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St. Louis U. womens v Fordham

St. Louis University coach Lisa Stone watches from the bench during a game against Fordham on Saturday, Jan. 28, 2017, at Chaifetz Arena in St. Louis. At left is St. Louis University guard Jordyn Frantz. (Chris Lee, Post-Dispatch file photo)

The search for an identity for her team might have ended for Lisa Stone before the regular season even begins.

For a team that is extremely young, the St. Louis University women’s basketball squad has a good amount of experience and appears to run fairly deep.

But what Stone has liked most about the preseason is the emergence of what she hopes will be a continued strength in rebounding and toughness that has been lacking.

“Our rebounding has been better than I’ve ever seen,” Stone said. “It keeps you in games and gives you extra possessions. It’s something we want to be known for.”

SLU returns sophomore center Brooke Flowers, who averaged 8.5 rebounds as a freshman. The Billikens gain the services of transfer forward Myriama Smith Traore, who Stone said might be the best offensive rebounder she’s coached. And senior forward Kendra Wilken is in the best shape of her career.

The Billikens had 18 offensive rebounds in a scrimmage against Illinois and 19 in an exhibition against McKendree. Stone has challenged the frontline trio to average 15 offensive boards per game.

At 6 feet 5, Flowers became a rebounding force over the second half of last season, pulling down 15 or more in six games. And at 6-2, Smith Traore and Wilken add bulk.

But the toughness factor doesn’t stop up front. SLU has added freshmen guards who bring a similar element that Stone hopes will permeate the lineup.

A different makeup has made for a different preseason.

“We have some pieces back but this team is different,” Stone said. “I’ve coached this team harder than any team in my career. What I’ve demanded of this team, a couple of our others couldn’t have done.”

The roster includes two seniors, two juniors, five sophomores and four freshmen. The sophomores proved to be a talented group that was sometimes on the court simultaneously last season, including in a game against Connecticut.

The Billikens finished strong and this season are picked to finish fourth in the Atlantic 10 Conference. They open this season at 7 p.m. Wednesday, at home against Tennessee-Martin.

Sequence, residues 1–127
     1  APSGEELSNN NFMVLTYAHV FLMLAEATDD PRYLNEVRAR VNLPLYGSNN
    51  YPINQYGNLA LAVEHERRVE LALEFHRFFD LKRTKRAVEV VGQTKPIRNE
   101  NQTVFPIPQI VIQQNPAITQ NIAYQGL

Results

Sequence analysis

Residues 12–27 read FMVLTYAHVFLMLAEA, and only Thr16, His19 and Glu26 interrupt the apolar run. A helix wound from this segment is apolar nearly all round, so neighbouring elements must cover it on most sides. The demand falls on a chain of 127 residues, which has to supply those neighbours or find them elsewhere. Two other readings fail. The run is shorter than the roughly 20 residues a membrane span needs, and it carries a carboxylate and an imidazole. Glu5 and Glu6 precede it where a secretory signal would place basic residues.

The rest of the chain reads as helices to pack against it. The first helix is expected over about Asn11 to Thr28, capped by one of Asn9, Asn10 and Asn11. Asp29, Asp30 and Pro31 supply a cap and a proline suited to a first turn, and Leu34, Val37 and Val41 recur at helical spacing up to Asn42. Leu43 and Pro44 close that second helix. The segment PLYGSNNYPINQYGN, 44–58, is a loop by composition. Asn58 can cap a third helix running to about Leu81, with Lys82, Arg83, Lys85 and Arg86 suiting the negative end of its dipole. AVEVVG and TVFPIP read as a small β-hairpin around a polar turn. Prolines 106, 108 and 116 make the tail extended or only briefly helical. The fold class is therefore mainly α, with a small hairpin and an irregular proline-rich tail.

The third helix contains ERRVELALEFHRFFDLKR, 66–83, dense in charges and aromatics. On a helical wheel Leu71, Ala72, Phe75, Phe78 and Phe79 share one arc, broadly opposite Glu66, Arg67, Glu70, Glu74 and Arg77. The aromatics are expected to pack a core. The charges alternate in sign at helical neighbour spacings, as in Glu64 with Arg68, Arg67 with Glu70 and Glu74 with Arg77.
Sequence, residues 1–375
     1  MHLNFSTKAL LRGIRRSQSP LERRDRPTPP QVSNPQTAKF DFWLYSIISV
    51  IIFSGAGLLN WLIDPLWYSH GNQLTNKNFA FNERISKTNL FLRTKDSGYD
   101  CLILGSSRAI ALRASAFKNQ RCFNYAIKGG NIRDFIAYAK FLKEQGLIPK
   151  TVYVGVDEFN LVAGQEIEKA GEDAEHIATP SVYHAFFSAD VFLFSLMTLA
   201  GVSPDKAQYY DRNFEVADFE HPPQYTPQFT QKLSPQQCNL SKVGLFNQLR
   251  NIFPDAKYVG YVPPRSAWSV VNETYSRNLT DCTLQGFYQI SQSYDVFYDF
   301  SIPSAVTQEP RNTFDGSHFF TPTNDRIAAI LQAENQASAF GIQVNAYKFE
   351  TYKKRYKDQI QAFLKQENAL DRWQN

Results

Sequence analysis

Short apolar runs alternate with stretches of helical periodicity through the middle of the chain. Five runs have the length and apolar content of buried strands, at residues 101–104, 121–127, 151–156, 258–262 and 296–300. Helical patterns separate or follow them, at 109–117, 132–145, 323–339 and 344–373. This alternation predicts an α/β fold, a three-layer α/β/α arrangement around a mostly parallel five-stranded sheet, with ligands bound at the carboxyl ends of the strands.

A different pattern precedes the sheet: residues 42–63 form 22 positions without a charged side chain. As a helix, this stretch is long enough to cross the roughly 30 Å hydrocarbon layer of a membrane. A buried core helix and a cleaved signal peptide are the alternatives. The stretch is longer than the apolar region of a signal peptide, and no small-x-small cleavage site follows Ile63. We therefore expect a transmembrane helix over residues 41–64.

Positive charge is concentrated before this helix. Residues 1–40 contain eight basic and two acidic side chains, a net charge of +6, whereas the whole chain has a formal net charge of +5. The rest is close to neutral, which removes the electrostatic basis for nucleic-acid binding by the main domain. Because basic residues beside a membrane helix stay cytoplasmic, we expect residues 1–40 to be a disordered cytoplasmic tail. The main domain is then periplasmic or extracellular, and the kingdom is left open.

“It is very big expectations but it’s about how we finish,” guard Ciaja Harbison said. “Obviously we want to get an A-10 championship. We gained a lot of confidence last season and it made us mentally tougher.”

The key piece is Harbison, who was last season’s Atlantic 10 rookie of the year. She was named to the A-10’s preseason first team as a sophomore.

Harbison will be a marked player after averaging 14.6 points, 4.5 assists and 3.8 rebounds despite being 5-6. She attacked the offseason knowing she needed to add to her game.

“She’s not going to sneak up on anybody,” Stone said. “She’s added a 3-point shot to her game. She worked on it and I want her shooting it. It looks really good. She’s much more mature. And I think her defense is something she was always capable of, and she can set the tone for us defensively.”

Other returning sophomores are guards Myia Clark and Chloe Rice. Stone added freshman guards Rachel Kent and Julia Martinez, who add some toughness to the backcourt.

Perimeter-shooting specialist Hannah Dossett is an intriguing transfer from Syracuse, where she played four seasons of softball before deciding to return to basketball for her graduate season.

“We’re not good enough individually to beat anybody,” Stone said. “But we’re in position to be successful because we have a lot of good pieces.”

Stone added a new approach to bonding in recent months. She forms groups of three players and meets with them and her coaching staff in casual settings, such as a coffee shop, to talk about topics from Halloween costumes to family. They end the month with a dinner.

It’s part of her focus on accountability, family and championship mentality.

“It’s been a great step in terms of trust and honesty and showing them we’re not the bad guys,” Stone said. “We’re here to help them.”